Usable Storage 


This 
Year 


Last 
Year 


Average ^ 


Jackson 

Julesburg 

Prewitt 

Point of Rocks 
Riverside 


35.4 
28.2 
32.8 
70.0 
57.5 


33.2 
19.8 
27.7 
69.2 
61.9 


32.7 
23.2 
28.6 
70.6 
60.5 


34.0 
21.5 
16.8 
58.4 
49.6 



1953-1967 period. 



Return if not delivered 
UNITED STATES DEPARTMENT OF AGRICULTURE 
SOIL CONSERVATION SERVICE 
SNOW SURVEY 

COLORADO STATE UNIVERSITY 
FORT COLLINS, COLORADO 80521 



OFFICIAL BUSINESS 




POSTAGE AND FEES PAID 
U.S. DEPARTMENT OF AGRICULTURE 



FIRST CLASS MAIL 



CO-9b 



APPENDIX I 



SNOW COURSE MEASUREMENTS as of April i, 1971 





/ — 


RRENT INFO 




ECORO ^ 


SNOW COURSE 


DATE 
OF 


O^EPTH 


WATER 


*ATER C 

(INC 


ONTENT 

HESI 






(INCHES! 


(INChESi 


LAST 
TEAR 


AvG 

53 67 














NORTH PLATTE BASIN 












Laramie River 
Deadman Hill 
Mclntyre 
Roach 


3/31 
3/26 
3/27 


63 
49 
74 


20. 7 
13.4 
24.8 


22.5 
15.3 
21.5 


16.3 

10.5 
18.2 


North Platte River 
Cameron Pass 
Columbine Lodge 
Norghgate 
Park View 
Wiliow Cr. rass(,B; 


3/31 
3/30 
3/31 
3/29 

/9Q 


88 
80 
26 
40 
4 7 


38.6 
31.2 
7.9 
11. 8 
15.4 


33.1 
27.8 
8.5 
11.8 
15.9 


26.5 
23.5 
6.2 
8.6 
12 . 5 


SOUTH PLATTE BASIN 












Boulder Creek 
Baltimore 
Boulder Falls 
University Camp 


3/30 
3/29 
3/29 


21 
43 
56 


7.1 
14.2 
19.1 


12.2 
18.4 
22.7 


5.9 
13.3 
20.7 


Big Thompson River 
Deer Ridge 
Hidden Valley 
Lake Irene (B) 
Long's Peak 
Two Mile 


3/26 
3/29 
3/27 
3/27 
3/26 


16 
39 
79 
43 
63 


4.7 
10.6 
27.3 
13.2 
18.7 


9.4 
13.4 
27.4 
14.3 
19.6 


5.0 
11.0 
20.7 
10.7 
14.5 


Cache La Poudre 
Bennett Creek 
BigSouth 
Cameron Pass 
Chambers Lake 
Deadman Hill 
Hour Glass Lake 
Joe Wright 
Lost Lake 
Pine Creek 
Red Feather 


3/31 
3/28 
3/31 

J/ 

3/31 
3/31 
3/31 
3/28 
3/30 
3/30 


32 
2 
88 
33 
63 
27 
78 
46 
2 
31 


8.9 
0.5 
38. 6 
12.1 
20.7 
7.7 
29.3 
16.0 
0.7 
7.9 


12.3 
2.7 
33.1 
14.4 
22.5 
11.6 
30.1 
16.9 
3.7 
10.9 


2.4 
26.5 

9. 1 
16.3 

6.8 

11.5 
1.9 
7.2 


Clear Creek 
Baltimore (B) 
Berthoud Falls 
Empire 

Grizzly Peak (B) 
Loveland Lift 
Love land Pass 


3/30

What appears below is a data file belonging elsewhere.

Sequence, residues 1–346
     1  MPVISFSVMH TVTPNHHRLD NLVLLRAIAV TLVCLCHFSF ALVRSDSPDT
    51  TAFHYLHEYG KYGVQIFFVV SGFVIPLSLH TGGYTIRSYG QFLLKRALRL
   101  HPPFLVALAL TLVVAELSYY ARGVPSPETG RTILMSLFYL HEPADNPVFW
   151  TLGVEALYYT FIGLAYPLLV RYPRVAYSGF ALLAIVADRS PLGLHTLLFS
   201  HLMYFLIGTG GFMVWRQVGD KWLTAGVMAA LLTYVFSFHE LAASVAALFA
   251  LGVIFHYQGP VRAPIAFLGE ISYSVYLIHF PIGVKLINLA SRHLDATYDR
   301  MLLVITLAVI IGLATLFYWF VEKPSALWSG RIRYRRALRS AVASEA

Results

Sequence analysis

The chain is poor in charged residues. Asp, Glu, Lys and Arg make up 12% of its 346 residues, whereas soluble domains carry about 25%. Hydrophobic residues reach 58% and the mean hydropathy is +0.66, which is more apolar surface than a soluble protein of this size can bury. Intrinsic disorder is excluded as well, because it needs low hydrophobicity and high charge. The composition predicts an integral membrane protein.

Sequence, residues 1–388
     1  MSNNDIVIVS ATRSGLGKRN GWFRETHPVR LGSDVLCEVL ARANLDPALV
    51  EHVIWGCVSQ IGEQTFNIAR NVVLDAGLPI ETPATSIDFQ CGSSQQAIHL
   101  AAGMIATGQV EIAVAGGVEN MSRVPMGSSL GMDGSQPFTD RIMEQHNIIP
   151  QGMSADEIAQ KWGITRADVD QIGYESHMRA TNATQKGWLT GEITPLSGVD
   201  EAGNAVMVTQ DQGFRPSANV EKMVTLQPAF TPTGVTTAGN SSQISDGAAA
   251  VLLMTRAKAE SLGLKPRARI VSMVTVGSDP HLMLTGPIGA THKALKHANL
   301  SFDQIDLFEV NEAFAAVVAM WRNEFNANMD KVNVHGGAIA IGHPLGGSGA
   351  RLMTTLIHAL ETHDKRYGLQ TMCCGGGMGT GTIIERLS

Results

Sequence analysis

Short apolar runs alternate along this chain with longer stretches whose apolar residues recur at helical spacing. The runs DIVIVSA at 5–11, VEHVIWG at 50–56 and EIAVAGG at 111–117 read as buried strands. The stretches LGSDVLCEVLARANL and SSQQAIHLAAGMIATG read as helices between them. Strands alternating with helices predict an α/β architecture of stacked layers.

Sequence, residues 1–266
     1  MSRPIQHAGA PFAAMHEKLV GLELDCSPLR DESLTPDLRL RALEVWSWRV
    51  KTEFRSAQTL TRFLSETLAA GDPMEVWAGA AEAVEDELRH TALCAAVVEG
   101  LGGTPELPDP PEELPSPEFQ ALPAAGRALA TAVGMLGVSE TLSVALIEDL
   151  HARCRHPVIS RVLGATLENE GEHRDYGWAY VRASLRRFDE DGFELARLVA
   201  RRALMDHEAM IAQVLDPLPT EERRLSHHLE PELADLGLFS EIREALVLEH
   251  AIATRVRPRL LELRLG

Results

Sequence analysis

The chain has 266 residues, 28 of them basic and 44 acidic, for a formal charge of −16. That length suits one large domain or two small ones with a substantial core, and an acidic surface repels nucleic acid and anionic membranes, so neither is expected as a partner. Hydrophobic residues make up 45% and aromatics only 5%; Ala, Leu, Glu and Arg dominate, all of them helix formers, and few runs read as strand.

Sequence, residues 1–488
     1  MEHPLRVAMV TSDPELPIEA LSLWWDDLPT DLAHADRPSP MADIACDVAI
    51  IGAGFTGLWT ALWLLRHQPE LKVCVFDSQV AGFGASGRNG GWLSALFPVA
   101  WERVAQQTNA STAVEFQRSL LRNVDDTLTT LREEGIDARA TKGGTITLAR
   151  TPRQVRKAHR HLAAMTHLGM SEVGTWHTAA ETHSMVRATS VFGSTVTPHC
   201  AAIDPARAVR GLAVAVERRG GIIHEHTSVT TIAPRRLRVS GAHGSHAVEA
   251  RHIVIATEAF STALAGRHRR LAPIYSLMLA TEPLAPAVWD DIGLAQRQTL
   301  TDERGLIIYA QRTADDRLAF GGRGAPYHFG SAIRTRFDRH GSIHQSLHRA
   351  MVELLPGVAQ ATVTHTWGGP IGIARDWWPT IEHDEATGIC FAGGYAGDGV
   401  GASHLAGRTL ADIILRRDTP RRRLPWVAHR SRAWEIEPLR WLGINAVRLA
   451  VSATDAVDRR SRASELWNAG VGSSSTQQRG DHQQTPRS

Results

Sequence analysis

3/30 
3/30 
3/30 
3/31 
3/31 


21 
54 
26 
70 
53 
54 


7.1 
16.3 

8.5 
23.9 
16.5 
19.0 


12.2 
20.4 
11.9 
25.7 
24.5 
20.7 


5.9 
12.9 

7.5 
17.9 
23.4 
15.4 


Saint Vrain River 
Cop eland Lake 
Ward 

Wild Basin 


4/1 

3/29 

4/1 


11 
24 
41 


5.5 
6.6 
11.7 


7.5 
9.6 
15.0 


4.4 
6.7 
11.8 


South Platte River 
Como 

Geneva Park 
Horseshoe Mt. 
Hoosier Pass 
Jefferson Creek 
Mosquito 
Trout Creek Pass 


3/30 
3/29 
3/26 
3/29 
3/30 
3/29 
3/26 


20 
10 
42 
45 
31 
31 
7 


6.5 
2.7 
11.5 
11.6 
10.3 
8.7 
2.2 


11.0 
7.8 
12.5 
18.0 
12.3 
13.8 
6.1 


3.5 

12.9 
9.2 


ARKANSAS BASIN 












Arkansas River 
Bigelow Divide 
Cooper Hill (B) 
East Fork 
Four Mile Park 
Fremont Pass 
Garfield 
Hermit Lake 
Monarch Pass 
Tennessee Pass 
Twin Lakes Tunnel 


3/29 
3/31 
3/30 
3/29 
3/30 
3/29 
3/29 
3/29 
3/29 
3/29 


26 
49 
35 
14 
59 
36 
15 
47 
37 
39 


7.3 
12.2 
10.3 

4.7 
19.4 
12.4 

5.4 
16.3 
10.0 
10.3 


10.5 
14.6 
13.3 
8.7 
19.9 
14.4 

20.1 
13.9 
11.0 


5.8 
10.6 
9.6 
4.4 
16.1 
13.2 

17.3 
10.1 
10.7 



Westcliffe 3/29 10 3.3 9.8 5.4 





/ 7: 


RENT INFO 




ECORD 


SNOW COURSE 


DATE 
OF 

SuRvEv 


NC"ESl 


WATER 
.INCHES 


AATER C 

INC 


•1ES1 ~ 




S3 67 












Cucharas River 












Blue Lakes 


3/30 


0 


n n 
u . u 


4.2 


2 . 9 


Cucharas Pass 


3/30 


9 


3 . 9 


9 . 0 




LaVeta Pass (B) 


3/30 


7 


2.4 


7 . 2 


7. 3 


Purgatorie River 












Bourbon 


3/30 


12 


3 . 4 


9 . 0 


7.1 


RIO GRANDE BASIN-Colo, 












Alamosa River 












Silver Lakes 


3/31 


0 


0.0 


3.8 


5.5 


Summitville 


3/26 


55 


17.0 


16.3 


18.1 


Coneios River 












Cumbres 


3/30 


28 


10 . 3 


13 . 4 


18.6 


Platoro 


3/31 


30 


8.5 


13. 6 


16.6 


River Springs 


3/29 


6 


1.6 


3.1 


4.8 


Culebra River 












Brown Cabin 


/, / 1 


u 


0 . 0 






Cottonwood (B) 


Ll^ 
4/1 


18 


4 . 8 






Culebra 


3/30 


14 


t . 0 




8.4 


LaVeta Pass (B) 


3/30 


7 


2 . 4 




7.3 


Trinchera (B) 












Rio Grande 












Cochetopa Pass 


3/25 


26 


6.0 


9.6 


5.1 


Grayback 


3/29 


30 


11.4 


14.0 





Hiway 


3/30 


51 


17.9 


20.0 


26.0 


Lake Humphrey 


3/26 


10 


3.2 


5.1 


5.5 


Love Lake 


3/30 


11 


3.3 


8.5 


- - 


Pass Creek 


3/30 


11 


3.9 


5.7 


11 . 1 


Pool Table 


3/30 


7 


1.7 


4.9 


5.9 


Porcup ine 


3/ 29 


26 


6.4 


9.7 


LO.l 


Santa Maria 


3/ 29 


2 


0.5 


1.8 


3.7 


Upper Rio Grande 


3/ 29 


12 


4 . 2 


4.3 


6 . 8 


Wolf Creek Pass 


3/30 


40 


15 . 7 


20.5 


27.0 


Wolf Cr. Sum. (B) 


3/30 


59 


91 A 
Zl . 0 


24. 7 


28. 3 


RIO GRANDE BASIN-N.M. 












Pecos River 












Panchuela 


3/27 


0 


0.0 


0.0 


1.3